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Exploring the relationship between disability and architecture

IO: inside out

Discursive Spaces

Background and aims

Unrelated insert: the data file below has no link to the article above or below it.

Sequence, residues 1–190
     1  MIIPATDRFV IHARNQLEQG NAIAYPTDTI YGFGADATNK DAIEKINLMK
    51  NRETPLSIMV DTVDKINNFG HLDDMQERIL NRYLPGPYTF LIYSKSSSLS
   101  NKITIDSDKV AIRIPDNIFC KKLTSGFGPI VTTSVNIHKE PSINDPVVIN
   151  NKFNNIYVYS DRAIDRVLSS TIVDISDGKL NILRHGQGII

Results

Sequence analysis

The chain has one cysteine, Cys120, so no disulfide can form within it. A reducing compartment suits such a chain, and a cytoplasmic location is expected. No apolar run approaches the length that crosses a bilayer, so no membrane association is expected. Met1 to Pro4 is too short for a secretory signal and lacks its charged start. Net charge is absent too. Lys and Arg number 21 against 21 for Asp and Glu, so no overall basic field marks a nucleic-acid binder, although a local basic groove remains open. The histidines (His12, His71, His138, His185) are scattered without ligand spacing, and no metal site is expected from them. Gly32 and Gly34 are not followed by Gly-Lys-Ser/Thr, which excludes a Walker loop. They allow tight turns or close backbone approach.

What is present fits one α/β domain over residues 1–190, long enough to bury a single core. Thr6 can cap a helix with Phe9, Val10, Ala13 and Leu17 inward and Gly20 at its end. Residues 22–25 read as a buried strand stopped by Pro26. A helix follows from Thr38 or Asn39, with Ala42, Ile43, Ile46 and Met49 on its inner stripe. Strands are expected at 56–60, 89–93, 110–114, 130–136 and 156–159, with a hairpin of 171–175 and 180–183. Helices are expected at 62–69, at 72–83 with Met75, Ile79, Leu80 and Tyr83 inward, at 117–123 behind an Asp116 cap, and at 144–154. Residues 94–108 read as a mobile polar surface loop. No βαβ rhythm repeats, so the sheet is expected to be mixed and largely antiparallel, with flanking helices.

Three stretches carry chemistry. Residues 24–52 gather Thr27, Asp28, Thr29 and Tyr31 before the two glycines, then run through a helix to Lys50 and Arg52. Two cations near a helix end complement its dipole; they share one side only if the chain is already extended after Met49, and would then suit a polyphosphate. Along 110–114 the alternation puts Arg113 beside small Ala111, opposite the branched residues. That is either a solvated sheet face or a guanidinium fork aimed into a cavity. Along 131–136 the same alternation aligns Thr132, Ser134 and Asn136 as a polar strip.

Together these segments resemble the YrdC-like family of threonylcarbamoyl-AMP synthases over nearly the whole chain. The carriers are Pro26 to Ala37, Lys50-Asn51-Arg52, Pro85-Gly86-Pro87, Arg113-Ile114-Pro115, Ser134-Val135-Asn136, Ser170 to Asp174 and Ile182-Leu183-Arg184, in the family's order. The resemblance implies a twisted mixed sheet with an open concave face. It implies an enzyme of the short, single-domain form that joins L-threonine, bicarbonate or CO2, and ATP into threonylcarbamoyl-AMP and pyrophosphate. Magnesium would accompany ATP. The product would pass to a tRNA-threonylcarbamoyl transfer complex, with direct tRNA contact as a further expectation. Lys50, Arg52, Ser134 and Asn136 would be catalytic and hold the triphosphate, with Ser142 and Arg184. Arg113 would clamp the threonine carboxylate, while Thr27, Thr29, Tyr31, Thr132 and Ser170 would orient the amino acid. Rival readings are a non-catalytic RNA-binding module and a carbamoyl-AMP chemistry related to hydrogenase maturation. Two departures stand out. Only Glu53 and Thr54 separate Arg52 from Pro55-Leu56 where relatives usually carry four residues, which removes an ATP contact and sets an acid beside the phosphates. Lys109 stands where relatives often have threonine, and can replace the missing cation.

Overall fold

In September 2002 a Centre for Education in the Built Environment (CEBE) Special Interest Group (SIG) reported on existing ‘inclusive design’ teaching in schools of architecture and interior design. The results showed relatively few instances of disability issues being explicitly incorporated into projects or into course curricula. The final report of the SIG also proposed a framework for teaching inclusive design within built environment courses in the UK (http://www.cebe.heacademy.ac.uk/learning/sig/inclusive/report.php). It’s good practice guidelines will inform this project throughout. Conventional methods of consultation with deaf and disabled people on building and public space design, offer a limited model for effective collaboration. Participation in access groups, often only gives potential ‘building users’ the opportunity to speak for and about their individual impairment issues. What is more, this model is based on deaf and disabled people only being asked to react to existing case-by-case examples, usually as an ‘afterthought’. This precludes any involvement in design philosophy or the whole design process, more generally. The assumption that designers ‘only design for themselves’ can blur the complexity of the process. To counteract this means that designers have to embrace a very wide range of different users for each specific building project. At the same time, it is difficult, if not impossible, for designers to know the needs and preferences of all ‘real’ users. Yet, they are usually offered ‘disability’ as a homogeneous category whose ‘problems’ can be met merely with pre-given technical solutions. These are focussed on accessibility (platform lifts, ramps, etc.) and prevent rather than enhance understanding of the desires and concerns of people with a wide range of life experiences as well as impairments. Inside Out is as much about ‘problem-seeking’ as ‘problem-solving.’ Jos Boys believes that bringing deaf and disabled artists together with interior architecture students in a collaborative space will: “enable richer descriptions of material space and disability. Dialogue will open up interpretations of the built environment from different ‘positions’. This will allow for conflict and complexity within a creative and constructive review of the processes involved.”

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